By  on September 10, 2007

LONDON — London kids are getting a taste for luxury.

In the last few months, two new luxury e-tailers, and, have launched upscale online boutiques, while Harrods has revamped its children's wear department, adding a space devoted entirely to international designer diffusion ranges. The market is clearly having a growth spurt.

"The children's wear business has completely changed here over the last six years, from brands you had never heard of to every designer adult label licensing children's collections. It's become huge," said Gillian Lee, children's wear buyer at Harrods.

In May, the store launched a 2,000-square-foot space for international designer children's brands, housing collections by Roberto Cavalli, Dolce & Gabbana, Ralph Lauren, Armani and Dior against a new-look, sophisticated minimalist interior.

"The department has totally exceeded our expectations in terms of the business. We are talking about big sums of money," said Lee, adding that already popular pieces, such as the beige cutout dress from the newly launched Chloé children's range, had waiting lists.

"It's really fueled by the fact that the brands are already big brands anyway. They are lifestyles, and so buying the children's wear is like buying into another part of that," said Lee.

Online, it's a similar story.

"Online shopping is forecast to grow 10 times more than the high street this year," said Alex Theophamous, founder and director of upscale retailer, based here and launched last month.

"The U.K. is Europe's biggest online shopping market. If you look at the women's market, the growth is all coming from online operators. These people all have children. It makes sense that if you are buying Ralph Lauren's clothing, you will want your children to wear it also," he said. "Another factor is that the women in the U.K. are having children much later, and so have a higher income when they do so. They have the money to spend."

Theophamous predicted the Web site's annual turnover within five years will be 5 million pounds, or $10 million at current exchange, annually. Next year, he said the brand would look at expansion to Russia, the U.S. and the Middle East."The luxury segment of the market is definitely extending," said Marie Soudre-Richard, chief executive officer at The company, also based here, launched online last November, and since then, Soudre-Richard said sales have grown twentyfold. The site carries 20 designer brands including Antik Batik, AirdeJe and Nume, and next year is turning its attention to expansion into Italy and the U.S.

Each retailer said that alongside regular luxury consumers, a large proportion of their market is gift-oriented.

"You are more likely in some ways to buy luxury children's wear if you are a godparent or aunt," said Theophamous. offers a children's wear gift-listing registry for baby showers, birthdays and christenings. Prices on the site retail from about 15 pounds ($30.42) to 150 pounds ($304.25). Similarly, offers a gift-wrapping delivery service.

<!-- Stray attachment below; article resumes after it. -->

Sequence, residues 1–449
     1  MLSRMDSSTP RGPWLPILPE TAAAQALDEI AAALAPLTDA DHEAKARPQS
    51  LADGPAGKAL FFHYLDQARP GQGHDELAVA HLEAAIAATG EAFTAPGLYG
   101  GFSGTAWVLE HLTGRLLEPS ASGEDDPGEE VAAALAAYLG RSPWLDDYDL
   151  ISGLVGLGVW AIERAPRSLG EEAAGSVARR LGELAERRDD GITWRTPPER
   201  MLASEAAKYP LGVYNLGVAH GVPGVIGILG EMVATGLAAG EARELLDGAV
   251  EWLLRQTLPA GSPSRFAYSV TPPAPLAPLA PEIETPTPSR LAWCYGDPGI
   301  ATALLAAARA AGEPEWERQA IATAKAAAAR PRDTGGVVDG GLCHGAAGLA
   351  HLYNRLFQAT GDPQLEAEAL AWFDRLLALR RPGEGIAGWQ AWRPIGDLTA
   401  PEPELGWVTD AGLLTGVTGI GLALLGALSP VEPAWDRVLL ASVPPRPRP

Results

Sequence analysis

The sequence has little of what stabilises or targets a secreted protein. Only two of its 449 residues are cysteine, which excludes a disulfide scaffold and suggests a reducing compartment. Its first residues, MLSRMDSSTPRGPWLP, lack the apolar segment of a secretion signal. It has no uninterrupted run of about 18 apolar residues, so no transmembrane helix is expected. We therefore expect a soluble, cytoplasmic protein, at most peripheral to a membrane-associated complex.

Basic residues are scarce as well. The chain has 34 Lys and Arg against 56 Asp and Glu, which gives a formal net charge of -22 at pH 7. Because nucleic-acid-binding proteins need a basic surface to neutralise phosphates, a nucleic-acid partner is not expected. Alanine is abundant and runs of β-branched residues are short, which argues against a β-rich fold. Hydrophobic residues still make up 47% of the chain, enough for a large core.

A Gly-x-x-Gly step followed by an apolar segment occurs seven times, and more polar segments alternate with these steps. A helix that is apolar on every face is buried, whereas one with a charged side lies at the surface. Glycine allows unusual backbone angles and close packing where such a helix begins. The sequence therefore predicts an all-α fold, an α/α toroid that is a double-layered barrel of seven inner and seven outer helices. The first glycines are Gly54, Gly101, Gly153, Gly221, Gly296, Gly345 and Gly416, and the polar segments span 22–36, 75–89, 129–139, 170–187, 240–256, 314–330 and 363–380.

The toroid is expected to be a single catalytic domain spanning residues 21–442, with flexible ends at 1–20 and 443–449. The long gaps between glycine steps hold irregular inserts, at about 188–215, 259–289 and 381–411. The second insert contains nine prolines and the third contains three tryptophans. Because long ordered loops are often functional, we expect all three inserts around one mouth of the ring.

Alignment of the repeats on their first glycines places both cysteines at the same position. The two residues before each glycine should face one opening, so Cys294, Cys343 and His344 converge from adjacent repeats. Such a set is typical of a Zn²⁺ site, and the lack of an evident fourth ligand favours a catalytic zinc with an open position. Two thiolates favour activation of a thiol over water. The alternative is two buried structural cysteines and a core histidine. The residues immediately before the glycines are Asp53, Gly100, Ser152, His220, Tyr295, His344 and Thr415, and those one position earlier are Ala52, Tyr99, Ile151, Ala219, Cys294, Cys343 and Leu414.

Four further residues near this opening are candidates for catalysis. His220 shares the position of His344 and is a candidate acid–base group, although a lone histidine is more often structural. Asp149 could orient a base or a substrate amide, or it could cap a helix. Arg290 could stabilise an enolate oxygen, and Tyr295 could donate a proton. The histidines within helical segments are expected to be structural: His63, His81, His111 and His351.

Lee said a large proportion of London children's wear consumers are also driven by aspirational purchasing, and they have a choice in how much they want to spend, as items on the site range from about 10 pounds ($20.28) to about 200 pounds ($403).

"You have people who want to buy the brand. You have people also who aspire to that brand. A child's T-shirt is cheaper than the handbag. You could buy a whole designer outfit for 200 pounds ($403) for a child."

While most agree that children are becoming brand-savvy at a younger age, the main consumer group is parents. Marketing strategies for both and are directed at fashion-conscious luxury spenders.

"My client sees her children as a continuation of how she is dressed. She buys Dries Van Noten for herself, she wants something similar for her children: niche and high-end," said Soudre-Richard.'s images have all been shot by established fashion photographers in a fashion editorial style. The Web site also has a separate magazine section devoted to lifestyle, expert advice, interiors, design and shopping. "My customer reads Vogue and shops at Net-a-porter. We needed to talk in that language," added Soudre-Richard.

Meanwhile employs similar sophisticated lifestyle-inspired photography, tapping established stylist Nicky Lowe to combine different brands into complete looks for its catalogue, and feting its recent launch with a celebrity party. The site sells children's wear labels including Cacharel, Little Paul & Joe, Quincy and Maan.Theophamous concluded: "A lot of our customers are Net-a-porter shoppers who haven't had access to the children's wear equivalent before. Buying these collections allows you to extend the fantasy through your children."

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